Saturday, February 26, 2011

Imagine a world where God's will is done on earth as it is in heaven. To be consistent with the mental image could you be in the picture?

Thursday, February 24, 2011

May it not be said of us that Awakening did not come because we failed to humble ourselves and pray, seek his face and turn from our wicked ways!

Wednesday, February 23, 2011

I pray to smash the world and recreate it in Scriptural holiness!

Monday, February 21, 2011

Whenever I listen to a sermon from the late Welsh Calvinistc Methodist, D. Martyn Lloyd-Jones (1899-1981), I feel comforted & encouraged in my stand for Truth.

Dangerous Clichéd Mottos

In my 39 years I've come across some annoying clichés. Here's one from the sports world:
"I just knew that if we all gave 110% we'd win the game."
Really? Besides exhibiting poor math skills I thought a person who gave 100% would die of overexertion. I also have come across stupid mottos. Consider this gem, one that seems to be popular with ladies on social networks:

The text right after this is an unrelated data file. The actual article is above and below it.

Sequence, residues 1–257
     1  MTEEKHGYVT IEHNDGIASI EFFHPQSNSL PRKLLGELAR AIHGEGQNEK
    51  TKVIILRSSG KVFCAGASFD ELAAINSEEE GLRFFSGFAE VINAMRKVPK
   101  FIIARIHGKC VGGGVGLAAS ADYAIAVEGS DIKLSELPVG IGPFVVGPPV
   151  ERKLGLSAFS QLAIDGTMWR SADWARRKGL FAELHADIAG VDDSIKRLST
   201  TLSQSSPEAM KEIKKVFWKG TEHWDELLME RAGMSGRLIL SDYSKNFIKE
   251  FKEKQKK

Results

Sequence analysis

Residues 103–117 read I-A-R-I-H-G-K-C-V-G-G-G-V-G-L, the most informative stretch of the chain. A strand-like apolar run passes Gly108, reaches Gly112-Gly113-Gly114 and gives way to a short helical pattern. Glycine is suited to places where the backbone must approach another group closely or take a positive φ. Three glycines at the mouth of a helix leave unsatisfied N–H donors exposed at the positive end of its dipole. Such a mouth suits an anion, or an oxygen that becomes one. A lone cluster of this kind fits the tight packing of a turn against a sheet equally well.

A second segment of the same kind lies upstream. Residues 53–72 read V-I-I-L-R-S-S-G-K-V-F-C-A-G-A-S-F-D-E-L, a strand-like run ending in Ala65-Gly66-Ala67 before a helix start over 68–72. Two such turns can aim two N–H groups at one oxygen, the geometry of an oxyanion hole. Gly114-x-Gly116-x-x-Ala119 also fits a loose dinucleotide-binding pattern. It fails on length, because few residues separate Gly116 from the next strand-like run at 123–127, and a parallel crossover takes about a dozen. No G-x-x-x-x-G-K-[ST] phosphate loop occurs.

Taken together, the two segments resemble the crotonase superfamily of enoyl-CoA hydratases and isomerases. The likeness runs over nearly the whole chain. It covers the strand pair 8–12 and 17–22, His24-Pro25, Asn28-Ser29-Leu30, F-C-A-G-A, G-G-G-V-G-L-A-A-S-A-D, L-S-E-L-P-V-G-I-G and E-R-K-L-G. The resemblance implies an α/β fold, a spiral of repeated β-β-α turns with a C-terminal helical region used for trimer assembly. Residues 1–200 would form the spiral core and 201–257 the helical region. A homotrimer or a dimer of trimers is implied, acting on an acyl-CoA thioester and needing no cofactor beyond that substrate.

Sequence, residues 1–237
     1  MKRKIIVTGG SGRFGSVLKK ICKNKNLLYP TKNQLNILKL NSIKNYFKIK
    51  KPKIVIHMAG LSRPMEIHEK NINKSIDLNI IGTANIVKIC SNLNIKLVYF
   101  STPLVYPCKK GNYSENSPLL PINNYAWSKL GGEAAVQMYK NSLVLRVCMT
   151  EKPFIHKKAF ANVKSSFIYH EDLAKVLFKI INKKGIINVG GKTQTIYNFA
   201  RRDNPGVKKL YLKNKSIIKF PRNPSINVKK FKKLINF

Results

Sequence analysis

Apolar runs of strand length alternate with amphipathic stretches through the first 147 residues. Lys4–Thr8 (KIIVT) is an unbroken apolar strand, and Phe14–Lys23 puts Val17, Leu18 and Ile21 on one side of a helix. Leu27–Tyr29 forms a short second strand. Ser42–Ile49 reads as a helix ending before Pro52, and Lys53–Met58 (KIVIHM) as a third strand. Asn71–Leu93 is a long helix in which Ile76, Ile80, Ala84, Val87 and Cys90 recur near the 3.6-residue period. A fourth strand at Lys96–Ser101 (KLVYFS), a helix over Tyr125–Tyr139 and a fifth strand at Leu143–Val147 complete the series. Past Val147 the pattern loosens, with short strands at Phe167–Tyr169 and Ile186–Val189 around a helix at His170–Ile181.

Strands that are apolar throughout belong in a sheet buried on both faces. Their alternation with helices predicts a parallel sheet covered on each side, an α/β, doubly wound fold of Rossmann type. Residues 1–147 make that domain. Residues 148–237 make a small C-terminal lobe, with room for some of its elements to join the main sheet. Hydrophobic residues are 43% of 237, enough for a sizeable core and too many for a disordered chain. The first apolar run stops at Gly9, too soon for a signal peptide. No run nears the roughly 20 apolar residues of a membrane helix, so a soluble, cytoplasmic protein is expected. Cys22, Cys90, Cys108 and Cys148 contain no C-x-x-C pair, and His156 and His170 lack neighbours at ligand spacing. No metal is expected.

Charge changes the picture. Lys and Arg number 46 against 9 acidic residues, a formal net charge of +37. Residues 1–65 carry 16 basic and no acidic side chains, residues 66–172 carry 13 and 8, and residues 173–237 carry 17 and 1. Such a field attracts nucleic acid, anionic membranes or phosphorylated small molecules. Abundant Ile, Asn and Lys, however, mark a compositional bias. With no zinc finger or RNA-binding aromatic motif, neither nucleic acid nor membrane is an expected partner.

"If you can't handle me at my worst then you don't deserve me at my best."
That one just scares me. It makes me, a single man, not wanting to deserve her at her best. The biggest offender, however, is the clichéd motto. This Reign of Terror posing as wisdom at its worst could damn your soul. I've seen this crop up on the web:
"Never regret doing anything that once made you smile."
This is one of the most hideously horrible expressions I've yet to come across. It's reckless and wrong. Contrast this pyrite ("fool's gold") with a real nugget from God's Word:
The woman Folly is loud; she is seductive and knows nothing. She sits at the door of her house; she takes a seat on the highest places of the town, calling to those who pass by, who are going straight on their way, "Whoever is simple, let him turn in here!" And to him who lacks sense she says, "Stolen water is sweet, and bread eaten in secret is pleasant." But he does not know that the dead are there, that her guests are in the depths of Sheol. (Proverbs 9:13-18 ESV)
He who has ears to hear, let him hear.

Friday, February 18, 2011

Theology of Holiness and Love by Kenneth E. Jones